Local Govt | National News Video | Parliament Headlines | Politics Headlines | Search

 


Tauranga Hospital Celebrates Centenary

Tauranga Hospital Celebrates Centenary


Tauranga Hospital is 100 years old today. BOPDHB Chief Executive Officer Phil Cammish said the historic event was an opportunity to reflect on 100 years of innovation and excellence and look forward to an even brighter future.

When the Inspector-General of Hospitals Dr T.H.A. Valintine officially opened Tauranga Hospital on 6 March 1914 it had a live-in staff of four, a cow for milk supply, and a horse for staff transport.

The 250m² E-shaped building included two wards (a four-bed male ward and two-bed female ward) and sat in an acre of grounds. Today the hospital buildings total 58,000m² of floor space and sit on a 12 hectare campus. There are 349 beds and a 2240-strong staff is employed from the Tauranga site.

Much of the hospital’s expansion has occurred since the 1950s, up to which point it was still considered a cottage hospital.

“Today we have a modern hospital that can no longer be considered a cottage hospital,” said Mr Cammish. “We also have a wonderfully dedicated staff practising innovative and sometimes world-leading medicine for the people of the Bay of Plenty.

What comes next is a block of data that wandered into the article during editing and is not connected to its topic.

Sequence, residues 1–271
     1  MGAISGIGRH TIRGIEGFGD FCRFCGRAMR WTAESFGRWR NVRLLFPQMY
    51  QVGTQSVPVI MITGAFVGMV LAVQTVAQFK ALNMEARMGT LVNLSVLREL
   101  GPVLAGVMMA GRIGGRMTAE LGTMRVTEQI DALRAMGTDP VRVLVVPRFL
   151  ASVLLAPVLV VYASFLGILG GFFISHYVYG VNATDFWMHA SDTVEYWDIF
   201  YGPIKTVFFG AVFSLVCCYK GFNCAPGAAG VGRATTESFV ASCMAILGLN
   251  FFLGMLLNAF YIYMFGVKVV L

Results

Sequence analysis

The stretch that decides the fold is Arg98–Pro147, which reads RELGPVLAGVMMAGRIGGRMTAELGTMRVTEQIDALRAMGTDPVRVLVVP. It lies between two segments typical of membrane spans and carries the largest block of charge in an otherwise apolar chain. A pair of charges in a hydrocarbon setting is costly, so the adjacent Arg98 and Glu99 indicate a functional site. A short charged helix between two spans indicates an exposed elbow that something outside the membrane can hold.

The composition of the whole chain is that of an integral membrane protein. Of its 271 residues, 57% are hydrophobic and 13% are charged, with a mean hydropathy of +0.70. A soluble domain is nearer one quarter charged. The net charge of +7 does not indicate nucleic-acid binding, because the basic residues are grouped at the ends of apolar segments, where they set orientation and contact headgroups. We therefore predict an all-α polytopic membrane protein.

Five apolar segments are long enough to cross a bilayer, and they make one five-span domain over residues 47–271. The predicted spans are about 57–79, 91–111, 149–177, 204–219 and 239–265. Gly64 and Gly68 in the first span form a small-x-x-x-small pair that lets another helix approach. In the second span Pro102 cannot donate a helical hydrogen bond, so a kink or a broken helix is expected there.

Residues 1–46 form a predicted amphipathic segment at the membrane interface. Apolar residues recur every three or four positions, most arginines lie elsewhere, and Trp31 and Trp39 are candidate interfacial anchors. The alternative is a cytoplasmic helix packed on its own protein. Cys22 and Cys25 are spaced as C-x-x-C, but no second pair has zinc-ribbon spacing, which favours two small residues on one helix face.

“I am often told by people how proud they are of Tauranga Hospital, and especially so when they drive past and compare today’s modern buildings to the 1950’s cottage hospital.”

Many wonderful stories have come forward from former staff members and patients in the lead-up to the centenary. A number of these are included on storyboards which will hang in the hospital’s main corridor over the coming weeks. They also form the basis of a commemorative booklet being produced to celebrate the event.

“Reflecting on the last 100 years has presented a timely opportunity for us to reconnect with the past, and discover stories about people who have worked at the hospital during that time,” said Mr Cammish.

Minister of Health Tony Ryall will visit the hospital tomorrow (Friday) and unveil a plaque in the Roof Garden commemorating the centenary. Mr Ryall will also take the opportunity to tour the hospital, including its Stroke Unit.